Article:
The only tools I remember my mother using when I was a kid were the hand potato masher, the peeler, the cookie press and her standing mixer. She seldom baked from a package. When I was older, out of college older, I loved working in the kitchen with her. I was her sous chef. My favorite time was around Christmas. We listened to music while we worked. We talked and we laughed. Those are cherished memories kept close to my heart.

“Spring, when the earth tilts closer to the sun, runs a strict timetable of flowers.”

March 1, 2018

As usual, while my coffee was brewing, I went out to get the papers. The morning is glorious. It is warm, and the air smells fresh and sweet. The birds are singing. I stayed outside a while taking in the beauty and then I saw it. A bright yellow crocus has bloomed in my front garden. Spring has arrived. If I could click my heels in the air, I would.

Tomorrow will be quite different. A nor’easter is on its way. A high wind warning is in effect for the Cape from Friday morning to Saturday morning with winds possibly as high as 65 to 75 MPH. The rain will come down in torrents, and there are flood warnings. The moon will be full and three high tides will occur between Friday and Saturday with the highest tide coming in the middle of the storm. I need to batten down the hatches, but first I’ll enjoy today.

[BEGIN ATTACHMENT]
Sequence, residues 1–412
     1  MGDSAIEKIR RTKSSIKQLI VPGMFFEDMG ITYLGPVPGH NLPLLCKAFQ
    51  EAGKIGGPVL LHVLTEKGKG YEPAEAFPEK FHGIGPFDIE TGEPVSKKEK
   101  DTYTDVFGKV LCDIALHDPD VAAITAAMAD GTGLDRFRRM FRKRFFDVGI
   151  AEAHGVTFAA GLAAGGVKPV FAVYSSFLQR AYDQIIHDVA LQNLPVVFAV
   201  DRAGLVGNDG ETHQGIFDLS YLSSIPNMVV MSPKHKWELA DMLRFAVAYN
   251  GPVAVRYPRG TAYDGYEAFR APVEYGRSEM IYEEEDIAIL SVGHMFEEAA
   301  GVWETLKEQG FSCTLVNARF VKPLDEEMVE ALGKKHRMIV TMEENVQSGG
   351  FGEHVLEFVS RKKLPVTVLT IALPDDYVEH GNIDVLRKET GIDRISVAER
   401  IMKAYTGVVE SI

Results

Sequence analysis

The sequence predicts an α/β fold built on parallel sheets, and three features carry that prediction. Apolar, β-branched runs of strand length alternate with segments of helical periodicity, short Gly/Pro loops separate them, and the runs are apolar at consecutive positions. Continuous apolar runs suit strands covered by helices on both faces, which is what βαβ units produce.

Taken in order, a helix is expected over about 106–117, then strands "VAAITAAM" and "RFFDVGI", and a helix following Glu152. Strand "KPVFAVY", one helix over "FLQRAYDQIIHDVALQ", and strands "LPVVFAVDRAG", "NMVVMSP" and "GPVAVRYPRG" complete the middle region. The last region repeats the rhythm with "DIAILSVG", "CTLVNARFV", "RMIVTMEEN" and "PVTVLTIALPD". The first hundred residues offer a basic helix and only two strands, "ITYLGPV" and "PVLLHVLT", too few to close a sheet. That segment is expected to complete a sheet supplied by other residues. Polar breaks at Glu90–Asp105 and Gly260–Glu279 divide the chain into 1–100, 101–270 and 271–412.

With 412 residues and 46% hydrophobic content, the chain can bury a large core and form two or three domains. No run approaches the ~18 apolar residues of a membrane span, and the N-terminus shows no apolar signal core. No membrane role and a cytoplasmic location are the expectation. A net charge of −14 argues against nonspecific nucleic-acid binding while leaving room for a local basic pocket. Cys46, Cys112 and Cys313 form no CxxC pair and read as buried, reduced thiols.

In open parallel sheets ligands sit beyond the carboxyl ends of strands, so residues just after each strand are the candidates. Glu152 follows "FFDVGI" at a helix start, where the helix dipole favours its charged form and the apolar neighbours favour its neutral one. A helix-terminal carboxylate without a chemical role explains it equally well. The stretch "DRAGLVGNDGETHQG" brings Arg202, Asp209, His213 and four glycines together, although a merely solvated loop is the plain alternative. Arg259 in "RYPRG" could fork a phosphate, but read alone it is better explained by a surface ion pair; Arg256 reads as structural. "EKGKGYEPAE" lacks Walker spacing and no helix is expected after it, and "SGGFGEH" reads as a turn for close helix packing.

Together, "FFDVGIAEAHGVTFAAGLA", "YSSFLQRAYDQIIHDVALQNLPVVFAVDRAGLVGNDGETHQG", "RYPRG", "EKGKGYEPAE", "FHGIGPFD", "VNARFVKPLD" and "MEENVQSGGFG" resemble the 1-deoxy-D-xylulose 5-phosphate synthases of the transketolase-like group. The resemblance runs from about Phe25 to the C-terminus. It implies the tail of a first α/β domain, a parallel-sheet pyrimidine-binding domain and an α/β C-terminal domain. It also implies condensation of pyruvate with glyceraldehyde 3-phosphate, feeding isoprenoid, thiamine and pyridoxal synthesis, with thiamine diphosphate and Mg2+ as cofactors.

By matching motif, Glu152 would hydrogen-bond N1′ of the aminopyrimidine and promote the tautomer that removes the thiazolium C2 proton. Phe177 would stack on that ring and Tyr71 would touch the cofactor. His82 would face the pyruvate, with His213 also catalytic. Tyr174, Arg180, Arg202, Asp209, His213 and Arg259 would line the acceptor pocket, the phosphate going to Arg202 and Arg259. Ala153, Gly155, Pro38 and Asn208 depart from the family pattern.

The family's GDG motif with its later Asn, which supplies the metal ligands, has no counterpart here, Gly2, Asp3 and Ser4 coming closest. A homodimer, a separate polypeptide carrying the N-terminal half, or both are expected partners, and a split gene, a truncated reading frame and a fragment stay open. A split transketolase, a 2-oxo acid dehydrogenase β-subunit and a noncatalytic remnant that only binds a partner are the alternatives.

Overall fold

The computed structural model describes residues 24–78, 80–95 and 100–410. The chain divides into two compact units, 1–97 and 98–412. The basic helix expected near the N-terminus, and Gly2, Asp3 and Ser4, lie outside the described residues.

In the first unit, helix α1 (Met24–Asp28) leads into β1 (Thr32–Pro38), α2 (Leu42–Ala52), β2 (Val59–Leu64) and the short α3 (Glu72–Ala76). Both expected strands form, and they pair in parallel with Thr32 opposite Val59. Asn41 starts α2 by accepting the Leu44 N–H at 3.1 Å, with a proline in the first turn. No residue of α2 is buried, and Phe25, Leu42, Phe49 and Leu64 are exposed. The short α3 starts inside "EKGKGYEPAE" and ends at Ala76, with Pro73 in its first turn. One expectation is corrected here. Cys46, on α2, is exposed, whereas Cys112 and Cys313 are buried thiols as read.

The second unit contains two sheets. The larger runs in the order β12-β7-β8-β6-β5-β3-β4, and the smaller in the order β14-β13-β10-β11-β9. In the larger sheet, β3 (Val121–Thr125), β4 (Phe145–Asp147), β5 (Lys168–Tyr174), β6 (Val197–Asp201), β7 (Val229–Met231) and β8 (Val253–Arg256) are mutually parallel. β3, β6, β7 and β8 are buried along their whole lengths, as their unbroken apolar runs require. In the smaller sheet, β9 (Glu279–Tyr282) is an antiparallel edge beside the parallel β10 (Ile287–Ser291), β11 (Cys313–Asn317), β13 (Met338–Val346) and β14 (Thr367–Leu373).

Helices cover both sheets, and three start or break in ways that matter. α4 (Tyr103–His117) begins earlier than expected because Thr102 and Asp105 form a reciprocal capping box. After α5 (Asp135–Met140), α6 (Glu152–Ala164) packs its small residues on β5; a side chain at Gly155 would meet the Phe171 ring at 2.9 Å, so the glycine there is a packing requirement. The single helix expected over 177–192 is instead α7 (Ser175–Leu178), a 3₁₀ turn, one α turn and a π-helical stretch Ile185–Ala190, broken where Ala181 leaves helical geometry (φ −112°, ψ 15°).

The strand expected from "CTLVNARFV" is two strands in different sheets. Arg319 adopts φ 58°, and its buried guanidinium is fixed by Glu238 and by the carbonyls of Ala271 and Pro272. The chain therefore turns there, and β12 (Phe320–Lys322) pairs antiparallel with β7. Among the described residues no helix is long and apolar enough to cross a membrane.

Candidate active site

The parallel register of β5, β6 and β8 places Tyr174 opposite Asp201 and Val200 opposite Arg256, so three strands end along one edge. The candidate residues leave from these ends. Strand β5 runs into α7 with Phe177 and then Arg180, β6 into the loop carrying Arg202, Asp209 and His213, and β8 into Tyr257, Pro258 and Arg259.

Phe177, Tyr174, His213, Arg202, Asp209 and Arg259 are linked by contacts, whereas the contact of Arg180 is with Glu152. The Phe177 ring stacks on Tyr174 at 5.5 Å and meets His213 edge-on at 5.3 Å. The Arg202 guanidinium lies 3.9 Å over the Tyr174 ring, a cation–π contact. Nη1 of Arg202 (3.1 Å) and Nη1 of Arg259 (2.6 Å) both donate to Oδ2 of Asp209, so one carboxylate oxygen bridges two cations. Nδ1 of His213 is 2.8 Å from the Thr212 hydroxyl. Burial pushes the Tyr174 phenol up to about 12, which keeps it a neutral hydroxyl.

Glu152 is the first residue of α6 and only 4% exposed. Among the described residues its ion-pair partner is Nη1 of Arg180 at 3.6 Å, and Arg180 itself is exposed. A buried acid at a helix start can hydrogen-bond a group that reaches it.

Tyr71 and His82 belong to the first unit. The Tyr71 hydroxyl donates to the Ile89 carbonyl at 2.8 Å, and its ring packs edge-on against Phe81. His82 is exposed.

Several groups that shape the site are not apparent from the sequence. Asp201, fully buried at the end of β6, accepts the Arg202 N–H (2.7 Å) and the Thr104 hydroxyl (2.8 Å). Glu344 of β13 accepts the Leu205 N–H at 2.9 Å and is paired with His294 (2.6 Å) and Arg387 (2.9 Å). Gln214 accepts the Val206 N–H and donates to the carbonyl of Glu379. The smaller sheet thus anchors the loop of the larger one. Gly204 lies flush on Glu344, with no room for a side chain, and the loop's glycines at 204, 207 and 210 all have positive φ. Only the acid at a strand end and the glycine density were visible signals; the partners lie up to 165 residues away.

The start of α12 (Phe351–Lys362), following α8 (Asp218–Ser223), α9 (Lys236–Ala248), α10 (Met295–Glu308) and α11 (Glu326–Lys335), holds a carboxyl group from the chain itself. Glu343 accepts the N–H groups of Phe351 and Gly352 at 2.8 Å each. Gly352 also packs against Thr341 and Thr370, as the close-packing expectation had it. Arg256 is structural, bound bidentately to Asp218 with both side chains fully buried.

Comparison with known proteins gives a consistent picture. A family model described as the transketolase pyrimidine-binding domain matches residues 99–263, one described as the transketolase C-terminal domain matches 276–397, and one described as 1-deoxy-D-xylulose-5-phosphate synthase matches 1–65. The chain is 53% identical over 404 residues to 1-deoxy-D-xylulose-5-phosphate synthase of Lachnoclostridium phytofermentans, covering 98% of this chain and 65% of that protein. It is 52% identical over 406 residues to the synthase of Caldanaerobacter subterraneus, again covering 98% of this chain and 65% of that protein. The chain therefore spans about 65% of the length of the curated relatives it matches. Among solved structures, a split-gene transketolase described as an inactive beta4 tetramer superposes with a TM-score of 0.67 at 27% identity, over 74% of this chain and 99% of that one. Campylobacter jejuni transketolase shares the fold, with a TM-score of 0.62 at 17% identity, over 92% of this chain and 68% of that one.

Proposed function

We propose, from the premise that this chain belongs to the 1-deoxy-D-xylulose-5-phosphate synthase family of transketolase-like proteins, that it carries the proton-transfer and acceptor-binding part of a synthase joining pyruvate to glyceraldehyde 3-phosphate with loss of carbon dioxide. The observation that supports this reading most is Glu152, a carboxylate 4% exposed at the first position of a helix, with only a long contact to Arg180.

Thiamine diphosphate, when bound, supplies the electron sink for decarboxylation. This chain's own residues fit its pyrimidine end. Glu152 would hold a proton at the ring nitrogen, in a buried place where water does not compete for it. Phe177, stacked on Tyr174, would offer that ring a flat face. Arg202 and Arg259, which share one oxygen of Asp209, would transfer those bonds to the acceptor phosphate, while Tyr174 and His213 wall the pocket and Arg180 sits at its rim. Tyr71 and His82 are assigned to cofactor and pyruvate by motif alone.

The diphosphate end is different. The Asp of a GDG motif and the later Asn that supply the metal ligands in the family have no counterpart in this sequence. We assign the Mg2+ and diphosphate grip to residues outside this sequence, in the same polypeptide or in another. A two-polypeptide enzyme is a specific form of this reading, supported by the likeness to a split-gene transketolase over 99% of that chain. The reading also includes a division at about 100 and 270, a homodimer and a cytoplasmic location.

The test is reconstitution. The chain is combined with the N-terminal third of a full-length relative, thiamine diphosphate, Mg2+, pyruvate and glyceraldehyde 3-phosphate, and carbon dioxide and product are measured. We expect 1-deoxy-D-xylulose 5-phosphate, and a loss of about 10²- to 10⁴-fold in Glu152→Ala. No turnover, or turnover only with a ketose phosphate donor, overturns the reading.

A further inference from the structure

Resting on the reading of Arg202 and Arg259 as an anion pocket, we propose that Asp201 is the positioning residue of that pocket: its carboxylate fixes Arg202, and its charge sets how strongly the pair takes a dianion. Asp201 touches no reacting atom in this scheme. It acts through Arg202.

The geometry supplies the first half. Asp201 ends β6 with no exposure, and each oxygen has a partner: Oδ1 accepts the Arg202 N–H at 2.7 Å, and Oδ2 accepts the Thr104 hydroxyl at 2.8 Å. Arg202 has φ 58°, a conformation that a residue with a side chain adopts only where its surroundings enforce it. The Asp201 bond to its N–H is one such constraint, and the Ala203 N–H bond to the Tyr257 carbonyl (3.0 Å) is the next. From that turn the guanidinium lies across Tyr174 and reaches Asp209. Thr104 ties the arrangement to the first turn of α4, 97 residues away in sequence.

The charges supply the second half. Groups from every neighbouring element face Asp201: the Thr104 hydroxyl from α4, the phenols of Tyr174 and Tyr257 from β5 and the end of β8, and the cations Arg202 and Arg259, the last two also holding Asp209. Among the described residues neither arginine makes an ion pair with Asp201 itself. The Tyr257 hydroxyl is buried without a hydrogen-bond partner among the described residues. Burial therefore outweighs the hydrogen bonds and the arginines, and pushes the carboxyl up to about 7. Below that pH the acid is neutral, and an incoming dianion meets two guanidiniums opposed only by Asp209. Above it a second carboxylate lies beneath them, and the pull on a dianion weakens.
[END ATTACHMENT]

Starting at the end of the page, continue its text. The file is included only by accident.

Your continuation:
I have no lists so I feel a bit at sea. Peapod is coming so the grocery list is empty. My house is clean, and the laundry can wait a few days. I guess I could tackle chores I’ve been thinking about like organizing the kitchen or sorting my DVD’s with an eye to the summer and movie nights, but I’d feel guilty wasting a day like today. I think I’ll take a ride.

Reading has always been one of my big loves. I keep a book upstairs, a book downstairs and one in my car for those long traffic stops. My mother told me I loved Henny Penny, and she had to read it over and over to me when I was little. Figures, it’s the end of the world sort of, a bit of science fiction, and animals run amok. It sounds like the plots of books I’m still reading. I remember reading Little Woman and loving it. I got it for Christmas when I was in the fifth grade, and that was the year we were bussed to another town for school so I’d read it all the way there and all the way back. Jo was my hero. I find now I read a whole series by the same author. Currently I am reading the Flavia de Luce book series and am on book five, Speaking from Among the Bones. The books were recommended by friends.